Petroleum company fined for breaching environment law
17 December 2010
An oil and gas exploration company has been fined just over $102 000 for breaching national environment law by starting to drill without federal environmental approval.
Stuart Petroleum began drilling at its well in the Timor Sea in October 2009, after referring its drilling program to the federal environment department for environmental assessment, but before an assessment decision had been made-an offence under national environment law.
The proposal was being assessed for its potential to have an impact on nationally listed threatened species and ecological communities, listed migratory species, and Commonwealth marine areas.
The company pleaded guilty in Darwin Magistrates Court today.
Departmental spokeswoman Rose Webb said the department took compliance matters seriously, and reminded companies of the importance of meeting their obligations under national environment law.
"These laws are in place to make sure projects are carried out with minimal impact on nationally protected matters, including our threatened and migratory species," Ms Webb said.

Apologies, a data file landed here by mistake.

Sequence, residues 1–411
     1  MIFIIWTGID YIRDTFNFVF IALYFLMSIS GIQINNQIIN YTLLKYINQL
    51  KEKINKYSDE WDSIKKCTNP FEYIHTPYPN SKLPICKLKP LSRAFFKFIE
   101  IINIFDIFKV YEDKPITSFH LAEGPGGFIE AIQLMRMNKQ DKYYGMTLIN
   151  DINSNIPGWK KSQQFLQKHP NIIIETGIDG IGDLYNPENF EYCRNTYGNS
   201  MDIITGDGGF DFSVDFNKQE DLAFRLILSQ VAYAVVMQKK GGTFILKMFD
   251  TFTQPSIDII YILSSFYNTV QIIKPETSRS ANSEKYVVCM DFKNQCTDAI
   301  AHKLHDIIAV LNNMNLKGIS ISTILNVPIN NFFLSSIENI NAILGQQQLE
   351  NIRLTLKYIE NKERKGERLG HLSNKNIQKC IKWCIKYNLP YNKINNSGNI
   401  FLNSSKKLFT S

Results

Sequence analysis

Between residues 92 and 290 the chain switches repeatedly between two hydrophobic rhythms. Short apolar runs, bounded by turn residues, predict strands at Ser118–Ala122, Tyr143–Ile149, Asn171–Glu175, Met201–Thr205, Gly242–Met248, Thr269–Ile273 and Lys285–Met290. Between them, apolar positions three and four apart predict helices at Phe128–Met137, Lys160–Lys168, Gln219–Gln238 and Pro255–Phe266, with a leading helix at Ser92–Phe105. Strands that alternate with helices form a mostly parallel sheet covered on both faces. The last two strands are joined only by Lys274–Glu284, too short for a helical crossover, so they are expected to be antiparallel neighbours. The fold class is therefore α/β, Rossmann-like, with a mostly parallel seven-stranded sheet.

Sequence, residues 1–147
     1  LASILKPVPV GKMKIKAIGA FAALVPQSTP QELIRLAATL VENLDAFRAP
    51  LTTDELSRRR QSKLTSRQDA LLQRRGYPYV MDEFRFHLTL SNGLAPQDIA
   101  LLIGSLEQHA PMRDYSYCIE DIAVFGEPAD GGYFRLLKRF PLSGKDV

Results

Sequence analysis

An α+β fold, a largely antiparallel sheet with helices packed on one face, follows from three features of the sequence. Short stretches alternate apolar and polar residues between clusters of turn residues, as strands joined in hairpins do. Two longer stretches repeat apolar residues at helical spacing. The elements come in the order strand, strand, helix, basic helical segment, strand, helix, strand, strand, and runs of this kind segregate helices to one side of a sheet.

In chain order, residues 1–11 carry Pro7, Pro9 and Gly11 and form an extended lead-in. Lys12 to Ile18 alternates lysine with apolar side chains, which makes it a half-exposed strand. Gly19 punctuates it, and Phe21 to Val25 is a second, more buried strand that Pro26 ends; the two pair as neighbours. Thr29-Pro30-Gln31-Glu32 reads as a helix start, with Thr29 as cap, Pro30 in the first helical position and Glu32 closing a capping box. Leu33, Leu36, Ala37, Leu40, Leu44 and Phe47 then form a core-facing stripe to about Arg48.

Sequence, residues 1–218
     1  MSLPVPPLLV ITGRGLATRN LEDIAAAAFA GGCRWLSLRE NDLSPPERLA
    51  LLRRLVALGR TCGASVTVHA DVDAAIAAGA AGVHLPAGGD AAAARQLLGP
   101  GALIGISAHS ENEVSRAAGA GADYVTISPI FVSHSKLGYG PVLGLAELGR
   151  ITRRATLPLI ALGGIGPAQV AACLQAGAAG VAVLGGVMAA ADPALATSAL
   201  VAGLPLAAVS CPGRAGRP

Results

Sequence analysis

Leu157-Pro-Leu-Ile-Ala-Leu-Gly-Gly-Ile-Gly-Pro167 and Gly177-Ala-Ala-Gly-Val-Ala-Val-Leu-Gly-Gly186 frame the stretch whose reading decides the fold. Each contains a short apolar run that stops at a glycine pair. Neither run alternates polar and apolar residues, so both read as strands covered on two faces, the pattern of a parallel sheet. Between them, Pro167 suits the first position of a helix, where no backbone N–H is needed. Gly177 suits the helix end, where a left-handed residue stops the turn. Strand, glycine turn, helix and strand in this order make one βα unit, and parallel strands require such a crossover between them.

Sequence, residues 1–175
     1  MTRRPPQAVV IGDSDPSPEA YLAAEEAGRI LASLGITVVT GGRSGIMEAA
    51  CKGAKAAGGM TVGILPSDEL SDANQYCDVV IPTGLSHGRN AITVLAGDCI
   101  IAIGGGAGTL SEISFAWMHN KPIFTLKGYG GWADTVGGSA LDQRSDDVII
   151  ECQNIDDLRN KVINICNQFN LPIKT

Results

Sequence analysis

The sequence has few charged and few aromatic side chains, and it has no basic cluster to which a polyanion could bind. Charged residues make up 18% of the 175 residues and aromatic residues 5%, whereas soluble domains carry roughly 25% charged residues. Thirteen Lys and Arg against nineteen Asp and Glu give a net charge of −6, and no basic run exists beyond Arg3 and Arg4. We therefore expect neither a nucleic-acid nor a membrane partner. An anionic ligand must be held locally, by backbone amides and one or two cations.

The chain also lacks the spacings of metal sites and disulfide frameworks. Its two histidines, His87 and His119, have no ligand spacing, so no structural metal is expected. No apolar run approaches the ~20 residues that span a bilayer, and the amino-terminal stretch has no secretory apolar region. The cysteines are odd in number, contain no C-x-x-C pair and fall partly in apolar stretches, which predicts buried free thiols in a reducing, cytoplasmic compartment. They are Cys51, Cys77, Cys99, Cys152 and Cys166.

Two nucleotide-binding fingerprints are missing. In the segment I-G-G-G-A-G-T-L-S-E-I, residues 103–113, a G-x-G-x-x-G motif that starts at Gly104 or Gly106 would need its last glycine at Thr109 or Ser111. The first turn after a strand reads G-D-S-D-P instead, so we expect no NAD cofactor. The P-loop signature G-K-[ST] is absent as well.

"This decision shows that companies who break our environmental laws will be dealt with seriously.
"Trying to bypass the assessment process isn't going to speed up your project-it's more likely going to create problems for your company.
"Companies need to make sure they refer any project that might have a significant impact on matters protected under the legislation, and that all final approvals are obtained before any work starts."
The company was charged with taking an action while the decision-making process was still under way under section 74AA of the Environment Protection and Biodiversity Conservation Act 1999.
The maximum penalty for this offence for a corporation is $275,000.
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